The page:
So, I'll probably never do anything of historical note. But I'll be happy, I'll live a full life, and assuming I'm not terribly un-lucky, I won't kill myself early while doing it. I wish more people recognized the greatness in such small and simple goals. Oh well. It takes all types, no?

[/end rant]

June 17, 2004

I Would Be Frustrated, But

I just had a Steven's Cheesesteak and I don't have room for any emotion besides satiety.

Instead of frustration, I'm amused. My admin and I just spent roughly 2 days working on replacement drawings for a patent application. The amendment, forms, and finals from the draftsman were finally ready to go out the door today. Before I signed, I figured I'd check the last correspondence from the PTO, just to make sure that our on-line docketing system wasn't lying to me.

Good thing I did. Turns out the firm from which my firm got this file let the final office action deadline go without responding. This file is DEAD. Somehow, it never was deactivated in our docketing, so when some of its brother and sister patents needed new drawings, we threw it in the pile as well.

The moral of the story? Always double check. The partner thought I was pretty smart for catching this error--he was also very sorry for wasting my time, mumbling, "I don't know why it hasn't been deactivated, give it to Linda, don't trouble yourself with it anymore, she'll file the deactivation form."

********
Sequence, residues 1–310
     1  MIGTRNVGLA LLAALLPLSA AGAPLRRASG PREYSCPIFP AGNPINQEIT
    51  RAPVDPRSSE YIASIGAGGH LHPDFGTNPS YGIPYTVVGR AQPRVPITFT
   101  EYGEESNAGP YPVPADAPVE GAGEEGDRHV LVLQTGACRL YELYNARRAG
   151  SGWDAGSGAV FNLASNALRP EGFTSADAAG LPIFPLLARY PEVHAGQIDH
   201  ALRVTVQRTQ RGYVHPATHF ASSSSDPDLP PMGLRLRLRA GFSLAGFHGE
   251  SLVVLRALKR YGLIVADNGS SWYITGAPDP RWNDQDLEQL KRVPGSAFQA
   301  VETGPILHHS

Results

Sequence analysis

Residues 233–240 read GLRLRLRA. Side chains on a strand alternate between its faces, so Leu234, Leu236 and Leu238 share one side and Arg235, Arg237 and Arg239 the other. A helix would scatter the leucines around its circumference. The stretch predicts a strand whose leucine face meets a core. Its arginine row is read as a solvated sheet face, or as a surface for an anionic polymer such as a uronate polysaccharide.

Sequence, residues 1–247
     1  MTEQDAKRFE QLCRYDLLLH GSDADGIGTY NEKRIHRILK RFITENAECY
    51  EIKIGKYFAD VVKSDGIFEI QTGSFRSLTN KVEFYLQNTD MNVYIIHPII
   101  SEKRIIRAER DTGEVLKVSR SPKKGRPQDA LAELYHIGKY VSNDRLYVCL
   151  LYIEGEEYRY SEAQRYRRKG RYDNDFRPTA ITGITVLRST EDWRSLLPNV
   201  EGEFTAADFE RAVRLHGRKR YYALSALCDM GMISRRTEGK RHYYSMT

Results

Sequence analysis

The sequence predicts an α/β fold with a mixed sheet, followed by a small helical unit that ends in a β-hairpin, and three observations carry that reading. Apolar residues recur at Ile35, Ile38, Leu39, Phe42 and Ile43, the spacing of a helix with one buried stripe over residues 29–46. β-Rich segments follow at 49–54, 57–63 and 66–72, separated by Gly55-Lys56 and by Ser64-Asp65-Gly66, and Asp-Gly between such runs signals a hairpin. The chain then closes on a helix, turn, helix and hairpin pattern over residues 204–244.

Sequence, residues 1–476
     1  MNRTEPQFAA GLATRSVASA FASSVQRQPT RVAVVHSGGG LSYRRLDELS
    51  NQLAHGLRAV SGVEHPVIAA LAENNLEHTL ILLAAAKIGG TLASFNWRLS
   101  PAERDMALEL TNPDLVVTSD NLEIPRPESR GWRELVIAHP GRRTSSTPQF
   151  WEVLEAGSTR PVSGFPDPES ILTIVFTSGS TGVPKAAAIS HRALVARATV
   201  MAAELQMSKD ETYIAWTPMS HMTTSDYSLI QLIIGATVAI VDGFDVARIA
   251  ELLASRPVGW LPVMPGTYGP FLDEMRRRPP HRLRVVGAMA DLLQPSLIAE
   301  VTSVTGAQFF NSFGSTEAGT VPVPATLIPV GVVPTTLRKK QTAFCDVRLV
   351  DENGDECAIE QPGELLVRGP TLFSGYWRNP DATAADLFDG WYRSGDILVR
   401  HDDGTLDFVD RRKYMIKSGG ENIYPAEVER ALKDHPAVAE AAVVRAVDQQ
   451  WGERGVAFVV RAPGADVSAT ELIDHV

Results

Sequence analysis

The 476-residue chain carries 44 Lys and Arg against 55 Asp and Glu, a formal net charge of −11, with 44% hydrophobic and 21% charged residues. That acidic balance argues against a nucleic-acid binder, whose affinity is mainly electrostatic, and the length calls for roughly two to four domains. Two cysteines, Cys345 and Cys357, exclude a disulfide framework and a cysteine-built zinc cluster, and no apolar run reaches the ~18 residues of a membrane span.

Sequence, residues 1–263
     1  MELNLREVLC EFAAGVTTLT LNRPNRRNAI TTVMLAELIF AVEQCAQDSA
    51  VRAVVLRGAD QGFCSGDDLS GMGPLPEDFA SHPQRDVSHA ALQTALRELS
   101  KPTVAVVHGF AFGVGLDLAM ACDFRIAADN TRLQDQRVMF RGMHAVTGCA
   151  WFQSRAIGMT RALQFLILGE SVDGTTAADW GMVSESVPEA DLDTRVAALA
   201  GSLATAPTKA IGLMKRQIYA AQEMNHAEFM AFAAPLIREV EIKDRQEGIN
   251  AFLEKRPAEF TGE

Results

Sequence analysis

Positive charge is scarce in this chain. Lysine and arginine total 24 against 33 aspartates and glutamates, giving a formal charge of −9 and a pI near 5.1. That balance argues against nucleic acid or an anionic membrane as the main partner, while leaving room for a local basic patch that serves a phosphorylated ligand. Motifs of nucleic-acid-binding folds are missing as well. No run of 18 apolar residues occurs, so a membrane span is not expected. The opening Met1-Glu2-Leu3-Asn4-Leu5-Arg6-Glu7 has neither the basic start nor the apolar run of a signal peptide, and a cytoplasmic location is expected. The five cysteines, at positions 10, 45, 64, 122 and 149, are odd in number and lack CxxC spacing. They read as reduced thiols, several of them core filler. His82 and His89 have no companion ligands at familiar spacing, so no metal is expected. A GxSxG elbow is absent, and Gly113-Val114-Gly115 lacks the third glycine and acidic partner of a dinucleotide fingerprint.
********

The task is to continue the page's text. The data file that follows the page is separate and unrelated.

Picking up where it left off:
The best part for me? Clearly, the long outdoor lunch at Steven's with MB and Chuck was meant to be. Had I rushed back, I'd only have been doing work on a file that wasn't billable anyways.

June 16, 2004

Sloths Rock

Last night, at a friend's house for a poker game, I laughed my way through The Book for People Who Do Too Much.

I highly recommend it, if only for the picture of the sloth.

Apparently, the book infected my subconscious because today I sent a long-winded rant to my supervising professor about how I could do some research over the summer but there would be no paper started 'til fall. The research project had been hanging over my head in every spare moment I've found so far this summer.

Prof Research's Reply:

That's fine (I had thought that was the original plan anyways!). Enjoy
your summer.

Go Sloths! I didn't even need to be feeling guilty about my lack of effort. How excellent is that?
Summer Blues

No matter how cool your job is, when it is GORGEOUS outside and you are stuck inside, if you are me, you wish you were outside.

Also, I'm comatose after a big lunch.

Both of these have combined into a barely irresistable urge to lay in the sun, and read a pleasure book until I fall asleep.